11/23/2009

Destroying Wine 100 Bottles at a Time

Posted by The Wine Whore |


Thank you Wine Spectator for releasing your annual Top 100 Winelist for 2009. There are now somewhere between 20 to 100 more bottles of wine that will be sold at ridiculously inflated prices. What would we do without your scores? How would we know what to drink? It's a good thing we have you there to make sure that the wines which you deem the best will never make it into our homes (without spending more than they would normally be worth).

Cheers to you!





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6 comments:

Tyler said...

I agree with this. There's too many people who use the Top 100 as a shopping list, neglecting that 1: many of the wines are already sold out (too bad, so sad, shoulda listened to your friendly neighborhood wine store employee!), and 2: not everything is available in all areas (heck, we're lucky to find Mary Edwards Pinot Noir outside of a restaurant, much less the Sauvignon Blanc).

Not to mention the inevitable price hike that comes with being on "the list." Last year, I remember seeing Seghesio Zin (#10) go up 25% once the list came out. And, sad enough, watched two grown men almost get into a fistfight over the last case.

The Wine Whore said...

LOL! It's funny you mention it, last year's Seghesio Zin really pissed me off. Not only was it overpriced, but it wasn't ALL THAT!

After that experience, I realized that scores don't mean shit!

Cheers!

Richard Auffrey said...

I don't really blame the WS for the price increases. The retailers/distributors are the one who raise the prices. They certainly do not have to do so. Then, the consumers who pay the inflated prices also share blame. If they refused to buy the wines at the inflated prices, then the retailers/distributors might lower their prices.

Consumers need to realize there are plenty of excellent wines that won't make the WS list, or other Top 100 lists.

Jamie Irving said...

These kinds of things do have their place - I'm sure they help get people interested in wine. Having said that you wouldn't continuously eat what other people tell you to, so why would you drink what others tell you to! They're selecting wines which are to their taste, which might not be the same as mine! Finding a wine writer who you agree with most of the time is key!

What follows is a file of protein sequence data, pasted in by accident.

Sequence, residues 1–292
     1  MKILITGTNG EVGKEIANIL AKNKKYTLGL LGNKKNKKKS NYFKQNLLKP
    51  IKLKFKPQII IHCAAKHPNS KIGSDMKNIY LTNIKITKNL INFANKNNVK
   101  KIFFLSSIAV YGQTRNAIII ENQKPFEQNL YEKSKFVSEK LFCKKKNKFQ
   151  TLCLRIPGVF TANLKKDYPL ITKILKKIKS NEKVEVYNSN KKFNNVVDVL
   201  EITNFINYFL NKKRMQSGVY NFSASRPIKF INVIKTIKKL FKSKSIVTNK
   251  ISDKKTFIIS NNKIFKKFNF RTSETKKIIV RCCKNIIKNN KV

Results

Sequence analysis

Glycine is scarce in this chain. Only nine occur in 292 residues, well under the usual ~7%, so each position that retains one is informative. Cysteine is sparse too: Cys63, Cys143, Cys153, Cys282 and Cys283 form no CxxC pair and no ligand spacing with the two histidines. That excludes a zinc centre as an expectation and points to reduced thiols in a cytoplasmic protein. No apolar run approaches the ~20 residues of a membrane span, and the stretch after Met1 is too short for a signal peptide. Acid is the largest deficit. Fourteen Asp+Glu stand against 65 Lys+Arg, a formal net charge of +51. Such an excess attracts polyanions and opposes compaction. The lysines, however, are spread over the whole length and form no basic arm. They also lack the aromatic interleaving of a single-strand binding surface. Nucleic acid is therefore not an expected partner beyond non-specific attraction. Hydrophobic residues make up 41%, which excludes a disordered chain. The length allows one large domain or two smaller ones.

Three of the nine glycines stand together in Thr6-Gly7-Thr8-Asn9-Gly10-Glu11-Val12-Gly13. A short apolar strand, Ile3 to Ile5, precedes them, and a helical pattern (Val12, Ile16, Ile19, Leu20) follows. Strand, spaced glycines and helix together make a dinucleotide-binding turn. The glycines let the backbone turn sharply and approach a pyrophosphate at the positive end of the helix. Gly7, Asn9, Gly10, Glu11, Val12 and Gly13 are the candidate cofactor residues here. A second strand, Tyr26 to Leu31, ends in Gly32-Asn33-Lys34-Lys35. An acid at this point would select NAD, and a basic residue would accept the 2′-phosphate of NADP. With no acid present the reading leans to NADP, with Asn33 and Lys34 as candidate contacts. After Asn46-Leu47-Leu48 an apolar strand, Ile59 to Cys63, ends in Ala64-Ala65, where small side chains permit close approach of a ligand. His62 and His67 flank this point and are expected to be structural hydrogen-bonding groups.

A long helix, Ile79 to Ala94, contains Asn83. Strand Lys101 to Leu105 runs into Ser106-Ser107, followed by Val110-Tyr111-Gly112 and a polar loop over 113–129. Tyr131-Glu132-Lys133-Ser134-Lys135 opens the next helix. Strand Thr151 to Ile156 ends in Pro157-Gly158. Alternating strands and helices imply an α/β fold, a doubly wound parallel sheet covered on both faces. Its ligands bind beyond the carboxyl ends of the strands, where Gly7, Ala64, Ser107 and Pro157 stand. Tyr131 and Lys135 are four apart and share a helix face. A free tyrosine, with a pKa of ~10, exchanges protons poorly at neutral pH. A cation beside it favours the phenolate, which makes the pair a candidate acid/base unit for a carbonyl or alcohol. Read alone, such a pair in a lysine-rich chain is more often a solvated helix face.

Evan Dawson said...

I understand the concern, but I can't believe that all 100 bottles are going to skyrocket in price. My guess is it's a much smaller number. Or maybe I'm wrong... is there evidence that the entire list takes off?

Tyler said...

Evan; the prices do tend to creep up on the wines on "the list." Low-end wines tend to go up more, proportionally, than high-end ones (a $5 addition to a $20 bottle shows more than a $20 addition to a $500 bottle), or at least that's my experience in working retail wine. The top 10, especially, can be expected to rocket in price.

Richard; the blame falls more on the distributors and consumers, at least in my area. Distributors raise the prices in response to higher demand, both from consumers and restaurants. In fairness, wineries may increase the price on their reserve stocks of wines based on their Top 100 status as well, so it may be just being passed on (I'm not honestly sure, though). We keep our margins consistent on items on the Top 100 (eg, if we pay $40 pre-list for a wine with a $50 retail, we keep that 25% margin consistent -- if the distributor raises the price to $50, we charge $62.50).

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